Location of Warrensburg in Warren County
|• Supervisor||Kevin B. Geraghty|
|• Total||64.80 sq mi (167.83 km2)|
|• Land||63.49 sq mi (164.43 km2)|
|• Water||1.31 sq mi (3.40 km2)|
|• Density||62.77/sq mi (24.24/km2)|
|Time zone||UTC-5 (EST)|
|• Summer (DST)||UTC-4 (DST)|
Warrensburg is a town in Warren County, New York, United States. It is centrally located in the county, west of Lake George. It is part of the Glens Falls metropolitan area.The town population was 4,255 at the 2000 census. While the county is named after General Joseph Warren, the town is named after James Warren, a prominent early settler. U.S. Route 9 passes through the town, which is immediately west of Interstate 87 (The Northway).
According to the 2000 United States Census, the town's main hamlet, also recognized by the U.S. Census Bureau as a census-designated place (CDP), constitutes less than one-fifth of the town's total area, yet has about 75% of the town's population.The Warrensburg CDP's population density is more than fourteen times that of the town outside the CDP. The CDP is entirely within the town of Warrensburg with much of the town's historic core including the Hamlet of Warrensburgh Historic District Merrill MaGee House, Mixter Blacksmith Shop, and Warrensburg Mills Historic District.
Warrensburg was first settled by westerners in 1786 when William Bond established residency nearby what is today known as Echo Lake.Because there has been limited archeological digs in the Warrensburg, it is not precisely known what pre-western peoples lived in what is now Warrensburg. But, it is known that the peoples of the Six Nations were economically and politically active in the surrounding areas during the seventeenth and eighteenth centuries.
On April 4, 1813, community leaders held their first town meeting in a private home and elected the town's first supervisor, James L. Thurman, and several other officials and town workers.Prior to the formal establishment of the town, the settlement was referred to as "The Bridge" because of the settlement's proximity to a bridge over the Schroon River.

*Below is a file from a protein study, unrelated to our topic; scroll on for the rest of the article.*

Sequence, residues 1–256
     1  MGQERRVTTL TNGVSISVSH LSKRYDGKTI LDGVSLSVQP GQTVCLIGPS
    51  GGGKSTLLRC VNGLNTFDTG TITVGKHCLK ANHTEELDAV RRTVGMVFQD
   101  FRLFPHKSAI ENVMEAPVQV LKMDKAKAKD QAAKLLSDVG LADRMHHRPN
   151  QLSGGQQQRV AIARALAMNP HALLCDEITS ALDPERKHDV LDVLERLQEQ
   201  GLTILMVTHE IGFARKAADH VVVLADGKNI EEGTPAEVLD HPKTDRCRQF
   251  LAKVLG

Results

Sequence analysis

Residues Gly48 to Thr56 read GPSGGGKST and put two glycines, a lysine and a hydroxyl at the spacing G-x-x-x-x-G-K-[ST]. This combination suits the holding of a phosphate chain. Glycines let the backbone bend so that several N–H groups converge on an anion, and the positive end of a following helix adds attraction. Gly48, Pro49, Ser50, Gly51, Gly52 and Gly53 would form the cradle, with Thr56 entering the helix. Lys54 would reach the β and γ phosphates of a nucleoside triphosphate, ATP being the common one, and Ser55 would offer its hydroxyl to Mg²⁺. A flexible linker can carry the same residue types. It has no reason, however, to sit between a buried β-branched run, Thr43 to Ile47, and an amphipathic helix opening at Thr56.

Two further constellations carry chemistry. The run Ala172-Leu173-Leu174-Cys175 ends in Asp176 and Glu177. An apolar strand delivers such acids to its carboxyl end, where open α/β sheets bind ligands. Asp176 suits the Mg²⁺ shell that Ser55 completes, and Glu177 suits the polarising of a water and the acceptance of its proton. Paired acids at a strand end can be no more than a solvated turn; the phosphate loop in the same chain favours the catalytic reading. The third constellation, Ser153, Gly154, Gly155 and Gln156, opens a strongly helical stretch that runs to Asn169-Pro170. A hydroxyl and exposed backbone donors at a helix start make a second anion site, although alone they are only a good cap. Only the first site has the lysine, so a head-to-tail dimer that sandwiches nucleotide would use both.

It is locally claimed that James Fenimore Cooper wrote The Last of the Mohicans in a second story storefront apartment along what is now Main Street, it is more likely that Mr. Cooper had merely visited the town for a short visit around the time he was working on the novel.
In 1894, following the New York State Constitutional Convention, the town was expressly included in Article 7 (today Article 14) as being within the newly created Adirondack Park, making the town part of the state forest preserve that is to be kept forever wild.
Starting on June 16, 1961, twenty-nine employees of the Warrensburg Board & Paper Corporation voted 15-14 to join the United Paper Makers and Paper Workers AFL-CIO. Within a week of the vote, the Corporation reported irregularities to the National Labor Relations Board in an attempt to prevent unionization. In December of that year, the Union and Company entered into a series of negotiations through which the Union succeeded in most of its major demands, gaining agreement to an employee insurance plan, a Union bulletin board, free access to the mill to contact employees, grievance discussion rights, and wage increases. When the Union failed to agree upon what steps to take next, the Corporation claimed the disagreement among members was in-fact a rejection of the Union, and the Corporation refused to agree to a long-term contract with the Union. When the NLRB ordered the Corporation to return to the negotiation table, the Corporation was sued by the NLRB and compelled by the court to return to negotiations.On July 14, 1974, the paper mill operated by the corporation was partially destroyed by fire.